Sunday, February 24, 2008

Red knot update

There's been some encouraging movement in New Jersey on the dire situation regarding red knots and overharvested horseshoe crabs. Since the NJ Marine Fisheries Council voted 5-4 to lift a moratorium on crab harvests on Feb. 11, there has been a bipartisan movement in the state legislature to institute a permanent harvest ban.

You can read updates on the situation from New Jersey Audubon here. And you can read a recent news report from the Asbury Park News and a far less objective piece from the Press of Atlantic City, which focuses only on the watermen's views. (One could argue, for example, that a resource management council comprised primarily of commercial fin-fishermen, shellfisherman and fish processors constitutes a "special interest" of just the sort criticized.)

1 comment:

muddy waters said...

Article from Phila. Inquirer on Feb. 28:
Emergency help for red knots?

By Sandy Bauers

Nine conservation groups have filed a petition with the U.S. Fish and Wildlife Service, asking for emergency action to protect the red knot, a shorebird that migrates through Delaware Bay every spring.

They want to see it listed as either threatened or endangered.

On the bay, the red knot depends on horseshoe crab eggs for refueling so it can contine its flight of nearly 10,000 miles from the tip of South America to its nesting grounds in the Arctic.

The crabs spawn in May, just as the birds arrive. But with intense harvesting of the crabs beginning in the 1990s, the availability of eggs has declined. Meanwhile, the red knot population has plummeted; computer models have shown it could go extinct by 2010.

A new report, released yesterday and written by 20 shorebird biologists from around the world, found that many birds were not gaining weight like they should, which would reduce their chances of surviving the trip to the Arctic or breeding successfully once there.

The report also documented continuing red knot declines. The main wintering population in Tierra del Fuego, Chile, declined about 15 percent over the past year, to 14,800 birds.

The service had denied a similar petition for an emergency listing of the bird in 2005. In September of 2006, it named the bird a "candidate" for listing, meaning that it warranted protection, but that other species took priority.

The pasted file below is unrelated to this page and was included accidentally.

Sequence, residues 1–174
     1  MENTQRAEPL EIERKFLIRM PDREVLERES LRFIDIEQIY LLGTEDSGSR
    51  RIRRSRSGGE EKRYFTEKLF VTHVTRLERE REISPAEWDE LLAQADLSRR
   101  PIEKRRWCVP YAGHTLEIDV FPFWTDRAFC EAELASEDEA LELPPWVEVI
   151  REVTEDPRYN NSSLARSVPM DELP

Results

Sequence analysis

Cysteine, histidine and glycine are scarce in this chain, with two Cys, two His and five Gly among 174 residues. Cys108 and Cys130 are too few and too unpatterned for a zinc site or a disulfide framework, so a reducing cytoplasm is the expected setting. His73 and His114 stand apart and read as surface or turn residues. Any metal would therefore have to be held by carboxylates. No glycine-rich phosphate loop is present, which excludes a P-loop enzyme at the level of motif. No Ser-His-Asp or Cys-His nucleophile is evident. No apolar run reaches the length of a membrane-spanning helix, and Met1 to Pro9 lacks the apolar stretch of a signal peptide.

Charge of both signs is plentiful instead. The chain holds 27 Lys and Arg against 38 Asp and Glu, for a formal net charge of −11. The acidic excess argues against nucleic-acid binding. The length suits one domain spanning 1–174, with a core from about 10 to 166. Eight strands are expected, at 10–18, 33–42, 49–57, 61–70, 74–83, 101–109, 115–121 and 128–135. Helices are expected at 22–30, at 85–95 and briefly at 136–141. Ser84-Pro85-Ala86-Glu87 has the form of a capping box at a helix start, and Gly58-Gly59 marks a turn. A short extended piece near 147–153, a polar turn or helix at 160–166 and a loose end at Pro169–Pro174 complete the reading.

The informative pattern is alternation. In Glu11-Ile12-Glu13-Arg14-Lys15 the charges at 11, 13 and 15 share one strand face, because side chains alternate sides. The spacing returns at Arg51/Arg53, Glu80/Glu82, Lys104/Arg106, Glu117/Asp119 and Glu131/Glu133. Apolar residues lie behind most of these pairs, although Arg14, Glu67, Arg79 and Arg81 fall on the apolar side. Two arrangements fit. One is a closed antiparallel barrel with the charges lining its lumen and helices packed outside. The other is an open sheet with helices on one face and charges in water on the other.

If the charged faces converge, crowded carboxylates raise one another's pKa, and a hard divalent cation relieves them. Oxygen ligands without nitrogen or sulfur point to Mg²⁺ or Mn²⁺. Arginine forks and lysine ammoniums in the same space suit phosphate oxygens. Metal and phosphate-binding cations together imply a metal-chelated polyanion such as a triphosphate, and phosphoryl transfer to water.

The conservation groups include New Jersey Audubon, Delaware Audubon, Delaware Nature Society, American Bird Conservancy and Defenders of Wildlife.

"The science was clear years ago that the red knot faces imminent extinction," Jason Ryland, staff attorney with Defenders of Wildlife, said in a statment. "The causes of the red knot's decline have only gotten worse. . . . The most recent information leaves no doubt that the service should list it immediately."

The petition was accompanied by a letter from U.S. Sens. Robert Menendez (D-NJ) and Frank R. Lautenberg (D-NJ). They said listing the red knot would lead to "a true recovery plan, instead of the piecemeal we have now."

Currently, a regional fisheries agency, the Atlantic States Marine Fisheries Commission, allows a males-only harvest of 100,000 crabs in New Jersey, the same in Delaware.

States can pass more stringent rules, however. New Jersey had a two-year moratorium that expired recently. A proposal by the Department of Environmental Protection to extend the moratorium indefinitely was voted down by a state fisheries commission. Legislation requiring a moratorium has been introduced in both houses of the state legislature.

Delaware had enacted a moratorium, but a state Superior Court judge overturned it last summer.